Fed not rushing for the exits

chart_buzz010410b.top.gifBy Chris Isidore, senior writer

NEW YORK (CNNMoney.com) -- When the Federal Reserve meets Tuesday and Wednesday, its policymakers will be able to discuss something they haven't seen in years -- an economy that really looks like it's on the mend.

Employers added 4,000 jobs to payrolls in November, the first gain in almost two years, although that was followed by another decline in December. There are numerous signs that the battered housing market is turning around.

And economists forecast that the nation's gross domestic product, the broadest measure of economic activity, rose at a 4.5% annual rate in the last three months of 2009. That report is due out Jan. 29, two days after the Fed wraps up its meeting.

The Fed deserves its share of the credit for the improvement in the economy as it cut its key lending rate, the federal funds rate, to nearly 0% in December 2008 and pumped trillions of dollars into the economy over the last two years.

But plenty of economists and investors are worried that the Fed will be behind the curve when it comes to pulling back on those steps, which could spark a rise in inflation down the road.

Those critics are likely to go away unhappy when the Fed releases its statement Wednesday.

Economists expect the central bank to once again downplay any threat of inflation, and to repeat its forecast of "exceptionally low levels of the federal funds rate for an extended period."

And most doubt there will be any new details about plans to unwind its other programs -- such as how and when it will start paring back its holdings of $1.25 trillion in mortgage-backed securities and $300 billion in long-term Treasurys -- until sometime this spring.

"They do need an exit strategy, but this month is not when they have to do it," said Kurt Karl, chief U.S. economist for insurer Swiss Re.

Bernard Baumohl, executive director of the Economic Outlook Group, said the Fed needs to be careful. It could wind up making businesses and the markets nervous if it signals it is ready to withdraw its stimulus programs before there are more indications of a sustainable recovery.

"The Fed can not appear to be aggressive as long as unemployment is at or near double digits," he said. The national unemployment rate was 10% in December.

Baumohl believes unemployment has yet to hit its peak. He said it'll be a good six months after unemployment finally starts to decline before the Fed will move to tighten monetary policy.

"The Fed is not going to suddenly raise alarm just because there's going to be one strong GDP report," he said.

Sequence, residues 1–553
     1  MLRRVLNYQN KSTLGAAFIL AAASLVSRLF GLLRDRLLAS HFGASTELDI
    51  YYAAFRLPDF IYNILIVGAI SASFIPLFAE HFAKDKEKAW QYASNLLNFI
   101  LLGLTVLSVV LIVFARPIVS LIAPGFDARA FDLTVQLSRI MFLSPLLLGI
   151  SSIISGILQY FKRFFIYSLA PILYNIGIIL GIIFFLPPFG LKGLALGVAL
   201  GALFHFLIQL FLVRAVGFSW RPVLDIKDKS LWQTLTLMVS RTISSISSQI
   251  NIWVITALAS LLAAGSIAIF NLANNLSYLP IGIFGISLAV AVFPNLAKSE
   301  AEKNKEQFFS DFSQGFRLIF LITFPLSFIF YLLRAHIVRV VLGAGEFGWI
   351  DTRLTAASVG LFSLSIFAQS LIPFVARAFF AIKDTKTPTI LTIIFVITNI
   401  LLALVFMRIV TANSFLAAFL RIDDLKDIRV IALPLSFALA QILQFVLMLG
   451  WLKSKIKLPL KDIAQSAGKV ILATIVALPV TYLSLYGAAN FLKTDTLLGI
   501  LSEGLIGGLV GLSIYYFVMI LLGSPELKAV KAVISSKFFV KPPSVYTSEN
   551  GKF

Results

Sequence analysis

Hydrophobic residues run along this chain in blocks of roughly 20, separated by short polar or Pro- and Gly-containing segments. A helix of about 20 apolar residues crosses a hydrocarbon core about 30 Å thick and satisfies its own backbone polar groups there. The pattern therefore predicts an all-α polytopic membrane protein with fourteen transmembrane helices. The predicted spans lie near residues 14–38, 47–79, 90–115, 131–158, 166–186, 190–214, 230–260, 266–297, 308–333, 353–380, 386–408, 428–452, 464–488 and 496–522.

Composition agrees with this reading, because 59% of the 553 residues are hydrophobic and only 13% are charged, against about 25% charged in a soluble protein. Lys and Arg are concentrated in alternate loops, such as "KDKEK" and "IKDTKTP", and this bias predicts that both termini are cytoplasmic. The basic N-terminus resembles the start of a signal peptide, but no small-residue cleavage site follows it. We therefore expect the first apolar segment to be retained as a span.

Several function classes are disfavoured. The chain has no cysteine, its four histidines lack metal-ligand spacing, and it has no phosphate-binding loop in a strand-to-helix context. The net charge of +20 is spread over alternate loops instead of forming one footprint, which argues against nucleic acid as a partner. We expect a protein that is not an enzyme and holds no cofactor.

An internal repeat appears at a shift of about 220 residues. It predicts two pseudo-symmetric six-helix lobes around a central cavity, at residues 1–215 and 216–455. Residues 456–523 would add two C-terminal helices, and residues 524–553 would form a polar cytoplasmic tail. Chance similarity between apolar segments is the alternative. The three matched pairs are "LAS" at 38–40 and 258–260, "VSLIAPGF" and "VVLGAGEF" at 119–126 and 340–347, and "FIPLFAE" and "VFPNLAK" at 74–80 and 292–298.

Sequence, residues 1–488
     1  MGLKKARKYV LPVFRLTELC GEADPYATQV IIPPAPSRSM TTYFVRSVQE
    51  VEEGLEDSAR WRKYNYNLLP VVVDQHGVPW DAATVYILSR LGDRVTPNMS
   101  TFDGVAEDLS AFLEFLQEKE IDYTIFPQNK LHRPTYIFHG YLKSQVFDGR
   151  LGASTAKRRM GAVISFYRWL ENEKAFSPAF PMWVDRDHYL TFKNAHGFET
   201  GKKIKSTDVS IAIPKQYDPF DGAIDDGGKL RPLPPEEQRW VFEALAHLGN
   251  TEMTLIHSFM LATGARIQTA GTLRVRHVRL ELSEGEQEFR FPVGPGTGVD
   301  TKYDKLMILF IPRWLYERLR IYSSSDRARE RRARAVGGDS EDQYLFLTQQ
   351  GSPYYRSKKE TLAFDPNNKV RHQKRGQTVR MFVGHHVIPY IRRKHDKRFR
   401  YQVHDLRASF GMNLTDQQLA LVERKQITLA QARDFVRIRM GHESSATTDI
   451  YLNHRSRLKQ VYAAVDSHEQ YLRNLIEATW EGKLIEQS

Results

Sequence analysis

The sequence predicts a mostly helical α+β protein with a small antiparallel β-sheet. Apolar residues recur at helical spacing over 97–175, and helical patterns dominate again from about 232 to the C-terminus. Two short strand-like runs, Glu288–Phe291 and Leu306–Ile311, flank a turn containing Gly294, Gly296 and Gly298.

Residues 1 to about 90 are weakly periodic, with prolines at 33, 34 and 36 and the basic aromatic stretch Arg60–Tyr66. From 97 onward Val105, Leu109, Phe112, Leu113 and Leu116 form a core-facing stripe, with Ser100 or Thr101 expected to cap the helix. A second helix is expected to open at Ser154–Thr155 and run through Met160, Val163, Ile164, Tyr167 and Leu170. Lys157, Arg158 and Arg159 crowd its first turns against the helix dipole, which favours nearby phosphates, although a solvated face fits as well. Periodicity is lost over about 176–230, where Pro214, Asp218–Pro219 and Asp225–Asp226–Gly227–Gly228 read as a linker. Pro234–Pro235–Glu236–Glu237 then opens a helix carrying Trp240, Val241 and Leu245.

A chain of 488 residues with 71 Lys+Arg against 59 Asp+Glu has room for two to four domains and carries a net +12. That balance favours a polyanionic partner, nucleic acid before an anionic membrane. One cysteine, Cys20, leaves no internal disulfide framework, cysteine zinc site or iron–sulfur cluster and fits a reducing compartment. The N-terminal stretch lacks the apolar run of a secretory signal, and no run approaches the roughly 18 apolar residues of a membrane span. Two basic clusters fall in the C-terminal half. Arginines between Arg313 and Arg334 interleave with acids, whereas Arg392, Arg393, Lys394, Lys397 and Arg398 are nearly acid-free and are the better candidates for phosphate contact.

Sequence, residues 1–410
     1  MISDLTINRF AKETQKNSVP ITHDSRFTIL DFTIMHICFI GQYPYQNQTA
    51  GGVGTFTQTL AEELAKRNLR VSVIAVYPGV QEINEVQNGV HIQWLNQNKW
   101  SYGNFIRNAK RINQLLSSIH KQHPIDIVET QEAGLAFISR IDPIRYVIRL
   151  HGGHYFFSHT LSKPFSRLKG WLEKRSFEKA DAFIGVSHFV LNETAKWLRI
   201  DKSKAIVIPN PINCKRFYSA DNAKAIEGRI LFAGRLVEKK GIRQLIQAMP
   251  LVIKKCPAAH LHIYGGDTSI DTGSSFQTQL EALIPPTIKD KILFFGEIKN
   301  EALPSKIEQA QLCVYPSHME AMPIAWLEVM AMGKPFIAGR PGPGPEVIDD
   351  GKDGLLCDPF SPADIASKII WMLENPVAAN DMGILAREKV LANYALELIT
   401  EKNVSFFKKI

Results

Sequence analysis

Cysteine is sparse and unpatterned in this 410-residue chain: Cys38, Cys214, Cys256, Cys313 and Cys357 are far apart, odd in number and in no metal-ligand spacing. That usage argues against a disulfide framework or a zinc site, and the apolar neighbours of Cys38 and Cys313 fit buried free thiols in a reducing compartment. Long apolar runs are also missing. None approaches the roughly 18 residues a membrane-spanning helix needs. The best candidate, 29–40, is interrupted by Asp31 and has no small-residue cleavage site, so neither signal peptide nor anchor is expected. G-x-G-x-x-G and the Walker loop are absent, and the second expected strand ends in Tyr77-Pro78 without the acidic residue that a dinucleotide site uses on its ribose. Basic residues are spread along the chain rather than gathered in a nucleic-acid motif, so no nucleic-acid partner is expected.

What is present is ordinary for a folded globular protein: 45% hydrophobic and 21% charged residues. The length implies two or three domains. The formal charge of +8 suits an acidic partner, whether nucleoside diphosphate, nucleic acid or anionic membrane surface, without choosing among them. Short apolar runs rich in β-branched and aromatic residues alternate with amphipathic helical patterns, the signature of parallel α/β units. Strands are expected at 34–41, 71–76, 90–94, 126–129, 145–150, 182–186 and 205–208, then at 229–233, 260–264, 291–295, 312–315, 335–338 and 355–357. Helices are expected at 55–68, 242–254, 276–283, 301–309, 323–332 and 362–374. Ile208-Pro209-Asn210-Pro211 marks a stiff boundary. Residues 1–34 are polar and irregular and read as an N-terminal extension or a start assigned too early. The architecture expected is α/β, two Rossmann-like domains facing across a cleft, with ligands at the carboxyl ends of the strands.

Bernanke confirmation. The Fed meeting could take place with the Senate still yet to act on confirming chairman Ben Bernanke's nomination to serve another four-year term as the head of the central bank.

His current term expires Jan. 31, and it's not clear what happens if the Senate does not vote before then. Some believe he can remain in the post until there is a vote, others believe that Vice Chairman Donald Kohn would temporarily assume the new post.

Karl and Baumohl said they think the financial markets are probably more nervous about the Bernanke confirmation vote than they are about any changes in the statement after the Fed meeting, although just about everyone expects that Bernanke will eventually be confirmed.

But Karl said that he doubts the Fed will mention anything about the confirmation in its next policy statement. He said if Bernanke is not confirmed before Feb. 1, it will probably wait until then to make an announcement about who will be in charge of the Fed on an interim basis. To top of page

Just the hot list include
Frontline troops push for solar energy
The U.S. Marines are testing renewable energy technologies like solar to reduce costs and casualties associated with fossil fuels. Play
25 Best Places to find rich singles
Looking for Mr. or Ms. Moneybags? Hunt down the perfect mate in these wealthy cities, which are brimming with unattached professionals. More
Fun festivals: Twins to mustard to pirates!
You'll see double in Twinsburg, Ohio, and Ketchup lovers should beware in Middleton, WI. Here's some of the best and strangest town festivals. Play
Index Last Change % Change
Dow 32,627.97 -234.33 -0.71%
Nasdaq 13,215.24 99.07 0.76%
S&P 500 3,913.10 -2.36 -0.06%
Treasuries 1.73 0.00 0.12%
Data as of 6:29am ET
Company Price Change % Change
Ford Motor Co 8.29 0.05 0.61%
Advanced Micro Devic... 54.59 0.70 1.30%
Cisco Systems Inc 47.49 -2.44 -4.89%
General Electric Co 13.00 -0.16 -1.22%
Kraft Heinz Co 27.84 -2.20 -7.32%
Data as of 2:44pm ET


Bankrupt toy retailer tells bankruptcy court it is looking at possibly reviving the Toys 'R' Us and Babies 'R' Us brands. More

Land O'Lakes CEO Beth Ford charts her career path, from her first job to becoming the first openly gay CEO at a Fortune 500 company in an interview with CNN's Boss Files. More

Most stock quote data provided by BATS. Market indices are shown in real time, except for the DJIA, which is delayed by two minutes. All times are ET. Disclaimer. Morningstar: © 2018 Morningstar, Inc. All Rights Reserved. Factset: FactSet Research Systems Inc. 2018. All rights reserved. Chicago Mercantile Association: Certain market data is the property of Chicago Mercantile Exchange Inc. and its licensors. All rights reserved. Dow Jones: The Dow Jones branded indices are proprietary to and are calculated, distributed and marketed by DJI Opco, a subsidiary of S&P Dow Jones Indices LLC and have been licensed for use to S&P Opco, LLC and CNN. Standard & Poor's and S&P are registered trademarks of Standard & Poor's Financial Services LLC and Dow Jones is a registered trademark of Dow Jones Trademark Holdings LLC. All content of the Dow Jones branded indices © S&P Dow Jones Indices LLC 2018 and/or its affiliates.